First, listen to doctors and improve the conditions of service as unpacked in the ‘emigration of Nigerian medical doctors survey’. An obstetrician and gynecologist working at a public tertiary hospital we interviewed said, “I think that one of the major issues is the work environment, the working equipment and what to work with. There was a time I was doing a procedure that should not take more than five minutes, and I spent over 45 minutes on the procedure just because of the equipment I was working with.”
Junior doctors are also negatively affected by the poor conditions of service. “The work conditions are very poor. As a house officer you are responsible for covering 4 — 5 wards when you are on call, each ward having an average of 20 beds in the surgical department, and a minimum of 40 beds in other departments. And you are responsible for giving these patients intravenous medications sometimes three times a day (sometimes late at night).”, said a house officer.
Second, engage governments and employers in countries where doctors emigrate in covering the cost of their training. A research published in the British Medical Journal has a similar recommendation. The top 10 countries Nigerian-trained doctors emigrate to as follows: UK, USA, Canada, Saudi Arabia, Australia, UAE, Caribbean Islands, Ireland, South Africa and Botswana. For example, more than 5,000 Nigerian-trained doctors have emigrated to the UK in the past 8 years.
Should the UK government and employers of doctors there pay back to the Nigerian government the more than $150 million spent on training these doctors? This is a debate the lawmakers should have to ensure equity.
Third, revise the cost of training of doctors and dentists to reflect today’s economic realities. However, such revision is bound to disenfranchise students from poor families. There are ways to mitigate that. A percentage of the more than 3 trillion naira ($7.5 billion) 2023 fuel subsidy should be channeled towards training of medical doctors and dentists in Nigeria.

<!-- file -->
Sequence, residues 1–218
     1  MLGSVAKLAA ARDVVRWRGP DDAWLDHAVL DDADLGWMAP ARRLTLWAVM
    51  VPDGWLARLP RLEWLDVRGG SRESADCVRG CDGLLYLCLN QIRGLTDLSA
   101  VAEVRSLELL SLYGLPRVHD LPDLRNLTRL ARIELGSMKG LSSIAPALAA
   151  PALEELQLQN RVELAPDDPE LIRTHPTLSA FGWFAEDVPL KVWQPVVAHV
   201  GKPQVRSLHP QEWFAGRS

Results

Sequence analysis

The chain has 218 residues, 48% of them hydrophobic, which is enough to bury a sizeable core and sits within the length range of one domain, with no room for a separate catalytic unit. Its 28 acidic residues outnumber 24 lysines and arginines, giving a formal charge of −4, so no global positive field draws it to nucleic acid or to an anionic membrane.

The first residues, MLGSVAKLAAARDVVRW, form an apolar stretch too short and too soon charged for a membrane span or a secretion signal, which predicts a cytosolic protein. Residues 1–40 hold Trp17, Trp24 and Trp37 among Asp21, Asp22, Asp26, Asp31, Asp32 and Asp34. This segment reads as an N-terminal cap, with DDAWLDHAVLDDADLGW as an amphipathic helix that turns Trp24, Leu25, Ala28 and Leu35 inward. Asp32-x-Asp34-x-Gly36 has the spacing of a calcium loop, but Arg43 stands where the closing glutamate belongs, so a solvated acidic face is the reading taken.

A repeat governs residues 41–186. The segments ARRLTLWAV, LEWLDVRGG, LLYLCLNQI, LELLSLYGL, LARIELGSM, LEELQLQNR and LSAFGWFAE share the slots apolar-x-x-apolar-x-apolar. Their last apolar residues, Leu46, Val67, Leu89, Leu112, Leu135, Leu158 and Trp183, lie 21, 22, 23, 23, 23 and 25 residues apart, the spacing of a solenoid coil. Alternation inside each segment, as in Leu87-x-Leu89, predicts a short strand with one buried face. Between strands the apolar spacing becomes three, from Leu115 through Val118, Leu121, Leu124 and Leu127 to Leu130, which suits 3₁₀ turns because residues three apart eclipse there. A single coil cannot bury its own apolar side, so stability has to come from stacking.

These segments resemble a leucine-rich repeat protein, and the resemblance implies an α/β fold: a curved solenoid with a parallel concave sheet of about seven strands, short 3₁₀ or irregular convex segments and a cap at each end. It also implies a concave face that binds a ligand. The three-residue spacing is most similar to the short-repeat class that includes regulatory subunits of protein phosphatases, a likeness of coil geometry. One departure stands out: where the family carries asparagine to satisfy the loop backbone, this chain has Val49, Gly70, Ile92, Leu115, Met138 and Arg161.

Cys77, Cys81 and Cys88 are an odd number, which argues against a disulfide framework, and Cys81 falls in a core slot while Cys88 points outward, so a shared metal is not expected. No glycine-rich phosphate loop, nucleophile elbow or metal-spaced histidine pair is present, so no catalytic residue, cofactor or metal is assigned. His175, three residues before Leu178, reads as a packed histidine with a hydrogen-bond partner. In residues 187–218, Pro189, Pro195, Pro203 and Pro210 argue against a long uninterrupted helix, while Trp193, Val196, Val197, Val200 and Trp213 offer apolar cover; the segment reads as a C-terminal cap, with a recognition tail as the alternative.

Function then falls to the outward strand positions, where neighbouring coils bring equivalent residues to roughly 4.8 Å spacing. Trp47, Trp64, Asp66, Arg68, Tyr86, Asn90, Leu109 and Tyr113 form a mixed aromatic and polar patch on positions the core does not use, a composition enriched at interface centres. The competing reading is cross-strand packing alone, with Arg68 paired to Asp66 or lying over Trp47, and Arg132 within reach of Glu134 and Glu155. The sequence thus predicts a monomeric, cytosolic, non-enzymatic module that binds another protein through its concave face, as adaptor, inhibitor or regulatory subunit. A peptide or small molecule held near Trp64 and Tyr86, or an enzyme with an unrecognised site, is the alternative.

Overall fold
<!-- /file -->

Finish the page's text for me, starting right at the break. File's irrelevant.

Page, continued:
If this is done, the entry requirements to medical and dental schools should be made more competitive, while reserving a portion of the admission for children from low-income families. Student loans should also be made available to those who simply want to take a loan, pay for their training and pay back to the government over several years.
Fourth, ban public officials from using public funds to pay for their healthcare in foreign countries. Nigerian presidents and all public officers must access healthcare locally if the governed are to pay for it. In 2022, Vice-President Yemi Professor Osinbajo showed example by going to Duchess International Hospital, Lagos for a surgical procedure. Buhari should be the last Nigerian president who travels to foreign countries to seek healthcare paid for by taxpayers.
Lastly, set up a mechanism for Nigerians who emigrate to reserve a proportion of their remittances back home for health insurance for their friends and families. This would increase healthcare financing in Nigeria. In a previous piece, I advocated for channeling one percent of diaspora remittances for health insurance. Going by the $19.5 billion Nigerians in diaspora remitted back home in 2021, at least $195 million (more than Nigeria’s annual healthcare budget) could be added to the health insurance sector in Nigeria. This would improve conditions of service for health workers, availability of modern healthcare equipment and more.
Health workers in Nigeria are dealing with a lot. Lawmakers should make laws to make their work easier and improve the health of all Nigerians.
Image: Jamiu Oyelakin